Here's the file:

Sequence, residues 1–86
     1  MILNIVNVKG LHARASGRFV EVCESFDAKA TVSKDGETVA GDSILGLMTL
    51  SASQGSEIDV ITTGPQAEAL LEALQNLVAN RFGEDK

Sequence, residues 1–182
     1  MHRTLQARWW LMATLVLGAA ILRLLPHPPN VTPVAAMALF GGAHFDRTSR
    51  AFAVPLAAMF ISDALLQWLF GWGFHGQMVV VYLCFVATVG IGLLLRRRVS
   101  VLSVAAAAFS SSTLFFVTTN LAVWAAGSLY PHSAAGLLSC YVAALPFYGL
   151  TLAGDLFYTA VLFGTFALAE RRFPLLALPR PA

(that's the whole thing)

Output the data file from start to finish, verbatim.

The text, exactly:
Sequence, residues 1–86
     1  MILNIVNVKG LHARASGRFV EVCESFDAKA TVSKDGETVA GDSILGLMTL
    51  SASQGSEIDV ITTGPQAEAL LEALQNLVAN RFGEDK

Sequence, residues 1–182
     1  MHRTLQARWW LMATLVLGAA ILRLLPHPPN VTPVAAMALF GGAHFDRTSR
    51  AFAVPLAAMF ISDALLQWLF GWGFHGQMVV VYLCFVATVG IGLLLRRRVS
   101  VLSVAAAAFS SSTLFFVTTN LAVWAAGSLY PHSAAGLLSC YVAALPFYGL
   151  TLAGDLFYTA VLFGTFALAE RRFPLLALPR PA